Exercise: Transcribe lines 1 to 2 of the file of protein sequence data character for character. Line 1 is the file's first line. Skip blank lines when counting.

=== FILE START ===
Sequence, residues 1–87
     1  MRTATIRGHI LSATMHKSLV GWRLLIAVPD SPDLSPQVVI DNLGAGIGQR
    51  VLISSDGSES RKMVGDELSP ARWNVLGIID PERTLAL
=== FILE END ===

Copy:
Sequence, residues 1–87
     1  MRTATIRGHI LSATMHKSLV GWRLLIAVPD SPDLSPQVVI DNLGAGIGQR